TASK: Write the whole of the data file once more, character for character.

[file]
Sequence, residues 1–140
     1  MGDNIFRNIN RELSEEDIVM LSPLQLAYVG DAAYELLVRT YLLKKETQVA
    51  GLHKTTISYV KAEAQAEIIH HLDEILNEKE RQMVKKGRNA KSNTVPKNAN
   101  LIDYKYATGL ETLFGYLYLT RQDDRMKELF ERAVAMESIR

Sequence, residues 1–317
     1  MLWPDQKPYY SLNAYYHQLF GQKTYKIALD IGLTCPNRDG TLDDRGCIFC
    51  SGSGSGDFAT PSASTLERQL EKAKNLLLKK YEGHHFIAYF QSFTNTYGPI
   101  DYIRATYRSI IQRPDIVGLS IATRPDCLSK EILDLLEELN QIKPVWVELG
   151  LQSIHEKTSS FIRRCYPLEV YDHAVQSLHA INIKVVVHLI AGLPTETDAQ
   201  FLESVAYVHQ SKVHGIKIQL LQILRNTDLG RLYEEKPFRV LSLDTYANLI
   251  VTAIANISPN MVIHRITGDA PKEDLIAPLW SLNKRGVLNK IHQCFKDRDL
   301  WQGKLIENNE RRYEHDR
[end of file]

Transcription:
Sequence, residues 1–140
     1  MGDNIFRNIN RELSEEDIVM LSPLQLAYVG DAAYELLVRT YLLKKETQVA
    51  GLHKTTISYV KAEAQAEIIH HLDEILNEKE RQMVKKGRNA KSNTVPKNAN
   101  LIDYKYATGL ETLFGYLYLT RQDDRMKELF ERAVAMESIR

Sequence, residues 1–317
     1  MLWPDQKPYY SLNAYYHQLF GQKTYKIALD IGLTCPNRDG TLDDRGCIFC
    51  SGSGSGDFAT PSASTLERQL EKAKNLLLKK YEGHHFIAYF QSFTNTYGPI
   101  DYIRATYRSI IQRPDIVGLS IATRPDCLSK EILDLLEELN QIKPVWVELG
   151  LQSIHEKTSS FIRRCYPLEV YDHAVQSLHA INIKVVVHLI AGLPTETDAQ
   201  FLESVAYVHQ SKVHGIKIQL LQILRNTDLG RLYEEKPFRV LSLDTYANLI
   251  VTAIANISPN MVIHRITGDA PKEDLIAPLW SLNKRGVLNK IHQCFKDRDL
   301  WQGKLIENNE RRYEHDR